From Bluff Head South on Hwy 191 and continue straight on 163 for another 17 miles then turn right onto Valley of the Gods road. A bumpy and often steep dirt trail, accessible by most vehicles including 2WD. At the end of the valley of gods road, the cross-street is 261 that then ascends the Moki Dugway of cedar Mesa to the right or will return back to 163 to the left.
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Located near the top of Mule Canyon Cedar Mesa at this site once stood 7 towers surrounding a beautiful spring that still flows today. Make sure you watch where you are walking so you don’t find yourself standing on a wall. Below the canyon rim is a village of cliff dwellings best viewed from the west rim of the canyon through binoculars. It is possible to hike down below the rim if your a mountain goat, but should only be done by hikers with good route finding skills and comfortable scrambling up and down steep slickrock slopes.
From Bluff head North on hwy 191 for 21 miles and turn left at Shirt Tail gas station for hwy 95. Head west for 19.4 miles passing through the cut in Comb Ridge. Continue on where you will see a sign for Texas flat road. Take a left onto a dirt road through an unmarked gate. Please close the gate behind you and it is a popular area for cattle. Follow the dirt road for a ¼ of a mile to a parking area with a sign and hike from here OR if you have a decent 4x4 you can continue down the road to another parking area about 1 mile further.
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1/2 Day Tour
A bucket-list overlook that offers a birds eye view of the winding Goosenecks of the lower San Juan River. On clear days you may look to the South to find the Pinnacles of Monument Valley. Stunning in any light, admire the maze of the river basin as the sandy red water winds through the mesa tops deep into the canyon.
From Bluff follow 191 south as it continues straight on to 163. Go several miles towards Mexican hat and make a right turn on to hwy 261 toward gooseneck state park. Continue straight on 261 towards Cedar Mesa and ascend the 1,200 foot “Moki Dugway”- an old mining road with tight but maintained switchbacks and paved turns. Once you reach the stop sign at the top of the dugway, take a slight left turn onto a dirt road and continue down until you reach a rocky pull off on the left.
Rent a jeep or book a tour through us!
Citadel and Muley Point Tour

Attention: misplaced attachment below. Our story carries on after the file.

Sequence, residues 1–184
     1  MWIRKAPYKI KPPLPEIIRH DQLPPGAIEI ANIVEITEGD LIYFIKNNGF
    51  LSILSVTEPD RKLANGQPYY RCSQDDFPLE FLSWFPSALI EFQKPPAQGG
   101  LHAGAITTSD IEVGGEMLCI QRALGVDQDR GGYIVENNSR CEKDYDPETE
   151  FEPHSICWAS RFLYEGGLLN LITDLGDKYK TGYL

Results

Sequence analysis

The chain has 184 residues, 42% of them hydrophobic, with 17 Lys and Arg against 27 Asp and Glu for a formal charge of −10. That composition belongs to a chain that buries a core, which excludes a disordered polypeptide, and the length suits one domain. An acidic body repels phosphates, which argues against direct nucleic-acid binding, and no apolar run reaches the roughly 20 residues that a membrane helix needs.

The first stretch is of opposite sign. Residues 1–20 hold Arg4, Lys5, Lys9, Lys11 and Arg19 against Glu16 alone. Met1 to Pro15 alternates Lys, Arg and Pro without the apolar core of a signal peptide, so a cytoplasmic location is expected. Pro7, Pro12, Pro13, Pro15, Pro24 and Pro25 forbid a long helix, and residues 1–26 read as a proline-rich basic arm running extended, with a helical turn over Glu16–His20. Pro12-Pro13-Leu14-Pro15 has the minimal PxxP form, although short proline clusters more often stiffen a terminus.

Travel the San Juan River on a rented raft or kayak. Enjoy the river with a friend in a tandem inflatable kayak or canoe. Not interesting enough? Try paddleboarding for a bit more fun.
These are the perfect vehicles for exploring the backcountry roads of San Juan County.
Rentals include map of recommended trails and roads.
Must be 25 or older to rent.
The San Juan's upper canyon is an outdoor museum of archaeology, geology and natural history. Ruins and petroglyph panels abound while the textbook geology provides for fascinating learning and stunning red rock scenery. Three days exploring the upper canyon affords time to explore these wonders...
Float through the deep "Goosenecks" section of the San Juan's Lower Canyon. Rim out on the Honaker Trail. Explore the side canyons of Slickhorn, Grand Gulch and others. Water-sculpted side canyons with pools, falls and hanging gardens. 58 miles of solitude and canyon splendor.
This is the classic adventure where you'll see more of what the San Juan has to offer. The longer the trip, the better. Highly recommended if you want the total experience. The seven-day trip is our most popular.
This is, hands down, the best one-day river trip available in the West. In the morning we make two stops to learn about the Butler Wash petroglyph panel and River House cliff dwelling. We'll enjoy a fresh gourmet lunch under the cottonwoods before entering a limestone chasm for the afternoon...
This trip is for those that want to see the amazing archaeology on the San Juan, but don’t have time for the full day trip. Everyone will paddle their own tandem inflatable kayaks down the San Juan stopping at the world class Butler Wash rock art panel and then down to Comb Ridge where we’ll roll up the kayaks and jump in our H1 Hummer.
FULL DAY RAFTING